CASE STUDY 3
Google Sheets - Time Zone Calculator
How to build a Google Sheets - time zone calculator
Google Sheets can do miracles but sometimes you need to use some tricks to make your life easy when building your file.
The main problem I see is to properly accommodate the countries covering multiple time zones. If you do not need to cover such an area, the problem is very simple. A VLOOKUP on a table with all the places and their time zones and a formula to cover those time zones differences that will add or subtract from your reference time.
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The main formulas used in the file are:
=QUERY(‘Time Zones’!F:G, ” select * where F = ‘”&’Time Converter’!A13&”‘ ” )
- We are searching on the [Time Zones] TAB for the country entered in the cell A13 in our case
- The formula will return all the Cities linked to that Country on the [Time Zones] TAB
- This result will be displayed on the adjacent column to where the formula was entered
- For convenience, that column showing the results can be a “Named Range” – it will make it much easy to use it in formulas and clearly more easy to debug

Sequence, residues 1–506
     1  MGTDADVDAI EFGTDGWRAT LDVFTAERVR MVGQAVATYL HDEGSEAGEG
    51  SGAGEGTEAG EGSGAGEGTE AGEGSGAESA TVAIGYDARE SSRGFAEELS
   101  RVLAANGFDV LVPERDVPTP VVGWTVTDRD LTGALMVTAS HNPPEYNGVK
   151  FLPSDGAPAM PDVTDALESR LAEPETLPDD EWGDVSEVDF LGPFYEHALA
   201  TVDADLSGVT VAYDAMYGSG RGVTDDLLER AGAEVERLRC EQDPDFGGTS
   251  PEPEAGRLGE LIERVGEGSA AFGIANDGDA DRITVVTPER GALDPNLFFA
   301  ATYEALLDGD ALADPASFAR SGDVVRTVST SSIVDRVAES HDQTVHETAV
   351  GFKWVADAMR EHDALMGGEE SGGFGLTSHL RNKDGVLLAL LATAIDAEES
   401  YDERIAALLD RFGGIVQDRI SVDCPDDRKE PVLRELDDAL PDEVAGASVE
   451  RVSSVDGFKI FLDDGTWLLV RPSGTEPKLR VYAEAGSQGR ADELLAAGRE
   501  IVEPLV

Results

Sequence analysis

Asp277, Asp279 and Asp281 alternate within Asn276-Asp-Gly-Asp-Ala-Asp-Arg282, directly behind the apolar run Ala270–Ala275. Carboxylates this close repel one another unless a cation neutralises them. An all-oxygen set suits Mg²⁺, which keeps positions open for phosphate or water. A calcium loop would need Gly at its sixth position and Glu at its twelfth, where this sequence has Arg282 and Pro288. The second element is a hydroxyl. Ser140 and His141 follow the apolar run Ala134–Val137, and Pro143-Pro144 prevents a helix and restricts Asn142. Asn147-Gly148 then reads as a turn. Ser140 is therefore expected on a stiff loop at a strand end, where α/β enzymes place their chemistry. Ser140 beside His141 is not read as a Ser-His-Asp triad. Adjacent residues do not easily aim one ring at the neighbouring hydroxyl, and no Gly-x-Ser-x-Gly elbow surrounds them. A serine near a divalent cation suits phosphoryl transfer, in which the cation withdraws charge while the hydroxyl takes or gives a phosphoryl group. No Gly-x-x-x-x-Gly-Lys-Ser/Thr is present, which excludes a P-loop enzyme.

- In my case, there are 5 TARGET Country/City combinations so I used this formula 5 times (the Columns A, C, E, G, I, K of the calculation tab called [City])
=$C$13–VLOOKUP(CONCATENATE($A$13,“/”,$B$13),‘Time Zones’!H:M,5,False)/24–VLOOKUP(CONCATENATE($A$13,“/”,$B$13),‘Time Zones’!H:M,6,False)/1440
- C13 is the cell where we enter the reference time, the one that will be used to calculate the time on the other Cities.
- The first VLOOKUP is calling the number of hours between the 2 locations and the second VLOOKUP is calling the number of minutes between the 2 time zones (yes, there are some time zones in increments of 30 and even 15 minutes: Adelaide or Eucla in Australia for example)
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